Punk Retrospective

Bikini Kill

The cut against the grain and the rebellion that sparked in the US in the form of hardcore punk was revolutionary. It also changed the face of metal and gave birth to a plethora of new subcultures within urban and suburban America. It's presence and influence is still felt today in the music world even amongst all the chaos, often brilliance, that the mixing of sub-genres tends to create. But there was always one missing element. One thing that has alienated an entire demographic to a large extent.

There were no female bands. The feminine perspective in general was just missing. Angry young women needed an outlet too and so riot grrrl was born in the early 90's. Feeding off of the energy of the few all female grunge bands (Babes In Toyland, L7, and 7 Year Bitch) and bands like The Runaways, riot grrrl is to women what hardcore is to men. The music was often crude and simple in the beginning because, like their male predecessors, a lot of these girls just started picking up instruments during that time. They tackled cultural feminine issues along with political activism and, so, they have come to be viewed as an underground feminist movement.

The most notable band that helped create this sub-culture is Bikini Kill. They carried over the brutal honesty and D.I.Y. ethic of hardcore which helped unite most of the bands under a common mentality. Self-promotion took the form of local zines, meetings between bands and fans, and the formation of riot grrrl chapters around the US.

The band's debut album “Pussy Whipped” is still one of my favorite punk CDs out there. The vocals on this baby are as diverse and interesting as L7's. “Lil Red”, “Sugar”, “Star Bellied Boy” and “Hamster Baby” stand out for me in that regard. Instrumentally, it's just as diverse ranging from very aggressive to very tranquil. “For Tammy Rae” is the most harmonious and longest song of the bunch clocking in at 3:33 minutes. Although “Rebel Girl” is the song that this band is known for, I really do enjoy “Alien She” the best on this album. It just screams hardcore punk, i.e. the same chord playing over and over until the end where there is some progression and an almost abrupt finish.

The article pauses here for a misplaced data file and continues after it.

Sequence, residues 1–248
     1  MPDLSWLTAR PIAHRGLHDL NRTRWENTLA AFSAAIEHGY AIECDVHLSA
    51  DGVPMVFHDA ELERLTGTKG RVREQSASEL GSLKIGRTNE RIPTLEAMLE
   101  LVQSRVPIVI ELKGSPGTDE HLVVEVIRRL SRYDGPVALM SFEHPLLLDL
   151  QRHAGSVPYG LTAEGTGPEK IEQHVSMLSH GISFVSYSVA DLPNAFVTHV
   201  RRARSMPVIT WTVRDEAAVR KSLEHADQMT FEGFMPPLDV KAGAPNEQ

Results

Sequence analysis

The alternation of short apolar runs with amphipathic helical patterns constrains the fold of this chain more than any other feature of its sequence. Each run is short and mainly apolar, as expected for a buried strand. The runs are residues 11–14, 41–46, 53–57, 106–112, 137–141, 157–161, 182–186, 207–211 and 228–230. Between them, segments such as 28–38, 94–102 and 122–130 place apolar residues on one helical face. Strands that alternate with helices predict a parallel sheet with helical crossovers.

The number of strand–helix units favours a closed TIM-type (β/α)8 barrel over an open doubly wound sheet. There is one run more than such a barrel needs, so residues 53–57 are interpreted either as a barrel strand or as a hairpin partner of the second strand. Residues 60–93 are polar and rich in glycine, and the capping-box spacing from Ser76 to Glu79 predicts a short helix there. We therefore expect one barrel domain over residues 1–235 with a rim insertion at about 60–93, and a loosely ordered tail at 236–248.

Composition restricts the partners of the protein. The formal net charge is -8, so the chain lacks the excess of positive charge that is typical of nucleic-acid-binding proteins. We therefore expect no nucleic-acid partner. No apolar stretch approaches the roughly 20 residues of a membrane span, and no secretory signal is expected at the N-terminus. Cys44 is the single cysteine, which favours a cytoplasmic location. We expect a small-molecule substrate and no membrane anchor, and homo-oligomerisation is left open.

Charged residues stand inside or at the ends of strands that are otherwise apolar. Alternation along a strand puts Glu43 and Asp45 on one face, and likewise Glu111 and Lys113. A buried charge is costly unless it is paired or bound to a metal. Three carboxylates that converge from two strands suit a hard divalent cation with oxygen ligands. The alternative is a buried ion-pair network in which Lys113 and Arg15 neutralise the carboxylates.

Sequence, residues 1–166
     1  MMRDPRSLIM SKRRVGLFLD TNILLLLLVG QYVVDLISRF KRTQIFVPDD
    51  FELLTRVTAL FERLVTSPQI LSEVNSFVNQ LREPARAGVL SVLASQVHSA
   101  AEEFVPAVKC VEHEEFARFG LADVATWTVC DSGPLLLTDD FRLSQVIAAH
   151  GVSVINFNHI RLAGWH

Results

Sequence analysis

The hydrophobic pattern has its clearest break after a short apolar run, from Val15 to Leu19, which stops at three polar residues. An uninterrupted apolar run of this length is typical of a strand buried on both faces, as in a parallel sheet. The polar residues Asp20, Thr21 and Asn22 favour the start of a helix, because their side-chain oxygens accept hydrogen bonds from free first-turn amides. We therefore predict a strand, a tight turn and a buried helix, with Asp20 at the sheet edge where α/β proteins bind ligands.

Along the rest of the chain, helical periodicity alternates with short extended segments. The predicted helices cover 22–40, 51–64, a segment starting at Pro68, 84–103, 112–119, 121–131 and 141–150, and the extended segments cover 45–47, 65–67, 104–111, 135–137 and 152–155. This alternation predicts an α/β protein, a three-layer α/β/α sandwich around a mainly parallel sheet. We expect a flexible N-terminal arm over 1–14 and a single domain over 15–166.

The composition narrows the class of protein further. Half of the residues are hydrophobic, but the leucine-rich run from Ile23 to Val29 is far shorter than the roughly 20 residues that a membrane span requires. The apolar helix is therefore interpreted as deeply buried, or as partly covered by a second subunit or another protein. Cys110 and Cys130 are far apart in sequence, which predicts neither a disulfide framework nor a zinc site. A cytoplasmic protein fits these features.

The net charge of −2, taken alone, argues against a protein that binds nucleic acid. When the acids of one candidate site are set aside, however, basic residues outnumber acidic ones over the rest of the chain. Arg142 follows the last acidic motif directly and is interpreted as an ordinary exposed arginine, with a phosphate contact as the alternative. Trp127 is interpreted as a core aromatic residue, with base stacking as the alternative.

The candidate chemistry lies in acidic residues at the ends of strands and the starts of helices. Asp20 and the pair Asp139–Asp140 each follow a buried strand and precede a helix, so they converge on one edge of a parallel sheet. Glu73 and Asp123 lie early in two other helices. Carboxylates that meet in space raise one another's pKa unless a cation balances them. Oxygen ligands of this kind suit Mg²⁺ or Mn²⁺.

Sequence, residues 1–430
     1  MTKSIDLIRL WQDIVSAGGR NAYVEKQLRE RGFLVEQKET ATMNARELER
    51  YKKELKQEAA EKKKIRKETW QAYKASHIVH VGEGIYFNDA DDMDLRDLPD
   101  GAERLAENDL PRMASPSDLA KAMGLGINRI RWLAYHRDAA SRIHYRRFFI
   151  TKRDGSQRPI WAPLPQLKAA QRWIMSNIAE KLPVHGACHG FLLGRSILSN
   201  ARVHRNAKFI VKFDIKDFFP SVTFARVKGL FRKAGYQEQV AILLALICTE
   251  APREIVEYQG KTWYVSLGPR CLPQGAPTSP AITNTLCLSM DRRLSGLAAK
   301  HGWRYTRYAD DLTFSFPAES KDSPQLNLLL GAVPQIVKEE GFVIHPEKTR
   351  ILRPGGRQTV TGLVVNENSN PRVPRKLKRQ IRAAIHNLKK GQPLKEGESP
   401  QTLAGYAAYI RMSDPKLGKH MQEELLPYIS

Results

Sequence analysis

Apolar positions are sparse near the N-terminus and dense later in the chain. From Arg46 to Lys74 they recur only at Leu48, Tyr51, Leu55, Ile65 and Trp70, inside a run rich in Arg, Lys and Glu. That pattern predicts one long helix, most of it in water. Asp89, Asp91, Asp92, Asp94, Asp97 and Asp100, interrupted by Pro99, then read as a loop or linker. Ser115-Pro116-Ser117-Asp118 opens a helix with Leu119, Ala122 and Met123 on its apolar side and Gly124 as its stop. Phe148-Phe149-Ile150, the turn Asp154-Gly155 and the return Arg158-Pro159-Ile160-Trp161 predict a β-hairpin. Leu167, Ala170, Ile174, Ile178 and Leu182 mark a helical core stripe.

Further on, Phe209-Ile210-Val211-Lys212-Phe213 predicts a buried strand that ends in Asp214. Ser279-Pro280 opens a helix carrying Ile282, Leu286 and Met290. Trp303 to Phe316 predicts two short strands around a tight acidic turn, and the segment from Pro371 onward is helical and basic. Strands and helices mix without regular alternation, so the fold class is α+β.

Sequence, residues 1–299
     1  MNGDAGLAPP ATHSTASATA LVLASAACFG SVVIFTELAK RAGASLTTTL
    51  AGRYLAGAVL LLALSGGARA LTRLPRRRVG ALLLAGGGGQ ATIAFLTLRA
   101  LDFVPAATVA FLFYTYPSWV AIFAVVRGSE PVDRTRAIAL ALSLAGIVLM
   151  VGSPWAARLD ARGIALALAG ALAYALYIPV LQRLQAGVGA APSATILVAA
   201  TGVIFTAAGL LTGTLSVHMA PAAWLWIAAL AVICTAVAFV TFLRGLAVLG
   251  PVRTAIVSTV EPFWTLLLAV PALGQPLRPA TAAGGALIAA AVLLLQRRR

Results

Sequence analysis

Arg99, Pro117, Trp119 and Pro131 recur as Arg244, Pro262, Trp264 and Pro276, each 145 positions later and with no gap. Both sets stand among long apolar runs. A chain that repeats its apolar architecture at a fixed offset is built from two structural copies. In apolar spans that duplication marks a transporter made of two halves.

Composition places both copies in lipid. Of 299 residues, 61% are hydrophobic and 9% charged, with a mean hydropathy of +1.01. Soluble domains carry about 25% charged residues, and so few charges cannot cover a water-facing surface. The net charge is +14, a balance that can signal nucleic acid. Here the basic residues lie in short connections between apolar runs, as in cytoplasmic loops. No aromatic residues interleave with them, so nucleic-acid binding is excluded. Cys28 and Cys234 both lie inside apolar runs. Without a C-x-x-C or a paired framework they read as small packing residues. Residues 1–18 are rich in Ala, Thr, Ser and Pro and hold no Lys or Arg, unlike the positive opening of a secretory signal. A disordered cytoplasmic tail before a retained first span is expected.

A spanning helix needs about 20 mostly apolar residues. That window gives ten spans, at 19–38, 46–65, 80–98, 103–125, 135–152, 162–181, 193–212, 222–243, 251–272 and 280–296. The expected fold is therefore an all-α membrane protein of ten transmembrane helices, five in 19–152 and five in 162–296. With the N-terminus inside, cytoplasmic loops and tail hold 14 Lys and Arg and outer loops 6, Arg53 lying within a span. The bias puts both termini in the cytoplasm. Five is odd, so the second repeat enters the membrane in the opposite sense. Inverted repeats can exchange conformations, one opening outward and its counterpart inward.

So dear reader, I can only hope that you enjoy their music and passion as much as I do.

[play-button:http://domesticgenocide.com/audio/02-Alien%20She.mp3] Bikini Kill – Alien She Link source

[play-button:http://domesticgenocide.com/audio/05-Lil%20Red.mp3] Bikini Kill – Lil Red Link source

[play-button:http://domesticgenocide.com/audio/07-Sugar.mp3] Bikini Kill – Sugar Link source

[play-button:http://domesticgenocide.com/audio/08-Star%20Bellied%20Boy.mp3] Bikini Kill – Star Bellied Boy Link source

[play-button:http://domesticgenocide.com/audio/09-Hamster%20Baby.mp3] Bikini Kill – Hamster Baby Link source

You can find tons of Bikini Kill LP's, CD's and 7"'s @ GEMM

Posted by saturnword

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  1. A parallel of the dominant culture…it’s amazing to me that, even in hardcore, bands like Bikini Kill were somewhat set aside as novelty acts simply because women were playing the music. To make the impact they did, they had to play and work harder than their male counterparts, for less reward. Some things seem to take forever to change…and that change has to come from individuals like Bikini Kill, because the corporate forces are only good at reinforcing stereotypes. Great post, thank you!

    • I’ve noticed how dismissive most hardcore fans, male and female, usually are of riot grrrl and that can be depressing. They even get down to saying that they don’t like female vocals in harsher music because “it ruins it”. I can only imagine how dedicated and passionate the riot grrrl bands had to of been. In some respects it makes me less forgiving of most grunge bands (L7, etc) for selling out toward the end, because it is something riot grrrl bands refused to do. Also, it’s a pleasure! Thanks for the mention on blip as well.

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